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A Proclamation — By the President of the United States.

WASHINGTON, May 19, 1862.

WHEREAS, there appears in the public prints what purports to be a proclamation of Major General Hunter; and, whereas, the same is producing some excitement and misunderstanding,

Therefore, I, ABRAHAM LINCOLN, President of the United States, proclaim and declare that the Government of the United States had no knowledge or belief of an intention on the part of Gen. Hunter to issue such a proclamation, nor has it yet any authentic information that the document is genuine; and further, that General Hunter nor any other commander or person has been authorized by the Government of the U. S. to make proclamation declaring the slaves of any State free, and that the supposed proclamation now in question, whether genuine or false, is altogether void so far as respects such declaration.

I further make known that, whether it be competent for me as Commander-in-chief of the Army and Navy to declare the slaves of any State or States free, and whether at any time or in any case it shall have become a necessity and indispensable to the maintenance of the Government, to exercise such supposed power, are questions which, under my responsibility, I reserve to myself, and which I cannot feel justified in leaving to commanders in the field. These are totally different questions from those of police regulations in armies and camps.

On the 6th day of March last, by a special message, I recommended to Congress the adoption of a joint resolution, and be substantially as follows:

Resolved, That the United States ought to co-operate with any State which may adopt a gradual abolishment of slavery, giving to such States in its discretion to compensate for the inconveniences, public and private, produced by such change of system.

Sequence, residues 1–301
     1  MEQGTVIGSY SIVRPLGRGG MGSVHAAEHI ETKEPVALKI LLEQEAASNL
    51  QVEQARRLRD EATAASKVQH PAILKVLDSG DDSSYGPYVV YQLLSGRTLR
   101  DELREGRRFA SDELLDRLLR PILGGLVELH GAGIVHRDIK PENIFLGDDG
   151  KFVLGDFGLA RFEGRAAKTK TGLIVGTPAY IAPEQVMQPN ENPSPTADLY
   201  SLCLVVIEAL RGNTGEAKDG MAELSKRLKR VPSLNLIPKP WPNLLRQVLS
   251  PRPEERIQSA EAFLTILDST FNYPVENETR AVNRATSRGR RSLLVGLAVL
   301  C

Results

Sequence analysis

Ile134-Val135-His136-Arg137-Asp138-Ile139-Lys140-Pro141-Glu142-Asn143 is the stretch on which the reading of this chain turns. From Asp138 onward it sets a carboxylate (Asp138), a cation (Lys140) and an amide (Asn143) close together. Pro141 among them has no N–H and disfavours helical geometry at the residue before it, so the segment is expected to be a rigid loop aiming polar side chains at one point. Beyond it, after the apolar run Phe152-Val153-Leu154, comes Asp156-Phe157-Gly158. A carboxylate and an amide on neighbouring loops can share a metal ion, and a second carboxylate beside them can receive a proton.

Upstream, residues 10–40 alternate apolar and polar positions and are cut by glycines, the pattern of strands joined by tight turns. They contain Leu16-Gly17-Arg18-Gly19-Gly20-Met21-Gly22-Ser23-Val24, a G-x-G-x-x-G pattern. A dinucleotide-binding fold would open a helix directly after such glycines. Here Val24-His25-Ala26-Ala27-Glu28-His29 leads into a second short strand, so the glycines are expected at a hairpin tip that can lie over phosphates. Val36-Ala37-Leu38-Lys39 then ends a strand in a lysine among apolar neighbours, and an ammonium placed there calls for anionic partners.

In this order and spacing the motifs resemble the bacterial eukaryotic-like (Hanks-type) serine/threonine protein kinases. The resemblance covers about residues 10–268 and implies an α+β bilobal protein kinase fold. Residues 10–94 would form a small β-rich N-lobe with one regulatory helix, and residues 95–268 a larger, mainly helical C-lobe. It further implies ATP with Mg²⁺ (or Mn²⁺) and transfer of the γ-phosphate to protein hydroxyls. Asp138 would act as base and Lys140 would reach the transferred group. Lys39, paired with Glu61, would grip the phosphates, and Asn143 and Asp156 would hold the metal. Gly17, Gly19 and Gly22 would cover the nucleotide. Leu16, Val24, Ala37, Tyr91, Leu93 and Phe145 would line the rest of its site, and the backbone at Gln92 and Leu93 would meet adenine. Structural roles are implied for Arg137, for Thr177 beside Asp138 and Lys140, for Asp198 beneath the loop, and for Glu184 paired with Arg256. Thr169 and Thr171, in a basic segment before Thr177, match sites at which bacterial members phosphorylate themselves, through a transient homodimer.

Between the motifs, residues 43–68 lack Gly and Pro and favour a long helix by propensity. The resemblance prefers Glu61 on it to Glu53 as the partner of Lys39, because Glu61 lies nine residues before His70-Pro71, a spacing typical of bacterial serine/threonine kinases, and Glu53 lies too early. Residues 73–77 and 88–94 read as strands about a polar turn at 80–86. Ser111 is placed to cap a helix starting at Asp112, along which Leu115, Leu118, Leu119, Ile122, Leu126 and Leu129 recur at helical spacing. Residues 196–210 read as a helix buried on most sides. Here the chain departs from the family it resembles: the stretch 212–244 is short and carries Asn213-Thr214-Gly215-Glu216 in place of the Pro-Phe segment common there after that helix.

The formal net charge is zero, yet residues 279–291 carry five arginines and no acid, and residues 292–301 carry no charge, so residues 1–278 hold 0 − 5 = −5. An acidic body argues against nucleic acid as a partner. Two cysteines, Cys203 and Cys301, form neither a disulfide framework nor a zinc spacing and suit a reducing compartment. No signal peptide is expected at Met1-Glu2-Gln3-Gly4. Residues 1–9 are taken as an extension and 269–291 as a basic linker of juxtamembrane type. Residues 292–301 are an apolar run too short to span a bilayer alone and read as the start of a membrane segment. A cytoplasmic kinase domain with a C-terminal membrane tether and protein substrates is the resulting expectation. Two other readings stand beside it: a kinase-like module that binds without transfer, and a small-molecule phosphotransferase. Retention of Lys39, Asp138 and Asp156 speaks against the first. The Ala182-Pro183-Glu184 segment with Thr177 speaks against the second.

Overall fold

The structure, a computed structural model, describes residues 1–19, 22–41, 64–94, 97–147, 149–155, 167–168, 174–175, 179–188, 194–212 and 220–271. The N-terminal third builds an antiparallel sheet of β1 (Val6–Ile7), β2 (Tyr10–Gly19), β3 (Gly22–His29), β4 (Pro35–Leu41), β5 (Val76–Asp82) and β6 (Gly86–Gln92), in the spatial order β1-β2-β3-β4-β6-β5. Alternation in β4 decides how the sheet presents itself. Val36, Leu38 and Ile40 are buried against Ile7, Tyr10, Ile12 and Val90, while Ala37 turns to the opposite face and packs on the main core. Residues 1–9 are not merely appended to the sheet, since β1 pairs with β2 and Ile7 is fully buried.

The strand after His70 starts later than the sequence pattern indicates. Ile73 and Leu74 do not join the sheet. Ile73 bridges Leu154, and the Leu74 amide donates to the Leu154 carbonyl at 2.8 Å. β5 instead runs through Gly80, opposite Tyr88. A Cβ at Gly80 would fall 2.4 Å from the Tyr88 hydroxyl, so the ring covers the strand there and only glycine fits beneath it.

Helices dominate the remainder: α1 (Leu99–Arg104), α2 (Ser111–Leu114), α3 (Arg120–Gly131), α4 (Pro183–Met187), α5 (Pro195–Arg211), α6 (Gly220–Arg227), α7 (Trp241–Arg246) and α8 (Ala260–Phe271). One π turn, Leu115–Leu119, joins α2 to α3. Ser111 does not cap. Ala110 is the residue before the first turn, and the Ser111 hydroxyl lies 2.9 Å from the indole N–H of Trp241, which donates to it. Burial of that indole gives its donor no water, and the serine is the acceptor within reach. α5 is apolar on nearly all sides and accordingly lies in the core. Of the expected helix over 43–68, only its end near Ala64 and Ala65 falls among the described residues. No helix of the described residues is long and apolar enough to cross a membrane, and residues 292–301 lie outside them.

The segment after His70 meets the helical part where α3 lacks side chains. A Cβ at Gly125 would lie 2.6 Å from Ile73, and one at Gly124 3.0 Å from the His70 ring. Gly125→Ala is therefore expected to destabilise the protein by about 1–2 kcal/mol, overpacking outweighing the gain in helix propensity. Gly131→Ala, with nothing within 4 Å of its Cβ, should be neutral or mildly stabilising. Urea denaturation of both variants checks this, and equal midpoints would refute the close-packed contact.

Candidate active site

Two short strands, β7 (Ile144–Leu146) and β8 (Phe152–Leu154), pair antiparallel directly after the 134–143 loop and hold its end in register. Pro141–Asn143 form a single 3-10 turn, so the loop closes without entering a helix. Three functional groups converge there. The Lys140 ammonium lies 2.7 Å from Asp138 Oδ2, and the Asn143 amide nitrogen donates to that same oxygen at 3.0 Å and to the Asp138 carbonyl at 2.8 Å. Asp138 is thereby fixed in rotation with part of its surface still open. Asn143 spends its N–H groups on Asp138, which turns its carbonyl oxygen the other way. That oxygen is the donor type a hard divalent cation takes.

The resolution, in the language above quoted, was adopted by large majorities in both branches of Congress and now stands an authentic, definite and solemn proposal of the nation to the States and people most interested in the subject matter.

To the people of these States I now earnestly appeal. I do not argue. I beseech you to make the arguments for yourselves. You cannot be blind to the signs of the times. I beg of you a calm and enlarged consideration of them, ranging, if it may be, far above personal and party politics. This proposal makes common cause for a common object, casting no reproaches upon any. It acts not the Pharisee. The change it contemplates would come gently as the dew of Heaven, not rending or wrecking anything. Will you not embrace it? So much good has not been done by one effort in all past time as, in the providence of God, it is now your high privilege to do. May the vast future not have to meant that you have neglected it.

In witness whereof I have hereunto set my hand and caused the seal of the United States to be affixed. Done at the city of Washington, this 19th day of May, in the year of our Lord one thousand eight hundred and sixty two, and of the independence of the United States the eighty-sixth.

By the President:
[Signed] WM. H. SEWARD.